Jeremy Vine: Last question is on a very different subject which is to do with the situation that the Home Secretary, David Blunkett finds himself in. Accused of fast tracking a visa for his lover's nanny. Did that happen.

Ruth Kelly: Well, I think you'll find that the Home Office has answered every single one of the allegations that has been put forward today. The only thing I have to say is that the Prime Minister has complete and absolute confidence in the Home Secretary.

And anyone who watched the Home Secretary last week, when the Queen's speech was announced and afterwards, taking through his Bills and outlining his plans; he's a very determined man with a huge agenda to put forward, which I think will make a material difference to the well being of people in our country.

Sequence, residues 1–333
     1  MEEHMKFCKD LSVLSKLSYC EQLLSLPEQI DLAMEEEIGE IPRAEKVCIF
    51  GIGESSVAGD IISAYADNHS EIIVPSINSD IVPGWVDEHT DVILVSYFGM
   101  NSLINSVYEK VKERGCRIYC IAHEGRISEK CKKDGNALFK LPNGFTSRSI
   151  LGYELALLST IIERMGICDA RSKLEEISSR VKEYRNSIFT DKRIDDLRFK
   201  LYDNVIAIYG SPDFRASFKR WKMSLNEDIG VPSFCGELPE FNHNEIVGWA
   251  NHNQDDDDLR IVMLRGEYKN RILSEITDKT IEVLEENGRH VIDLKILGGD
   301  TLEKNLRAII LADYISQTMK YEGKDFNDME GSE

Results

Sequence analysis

Lord Rennard
Lord Rennard, Lib Dem chief strategist

Interview with Lord Rennard

Jeremy Vine: Well Lord Rennard, the Liberal Democrat's chief strategist joins me now. You've only got five MPs North of Chesterfield, in England, and you are now preparing to take over from Labour in the North.

Lord Rennard: Well have suddenly become the challenge to Labour, I think throughout the northern cities. If you look at the council election results, you look to places like Liverpool and Newcastle, where we now run those councils with large majorities and you look to the complete disappearance of the Conservative Party, in those sorts of seats.

Jeremy Vine: But Councils don't make MPs do they. Islington is an example of that, Norwich, and Liverpool we were talking about there, you've been in the Council since 1998, you're not near taking a seat.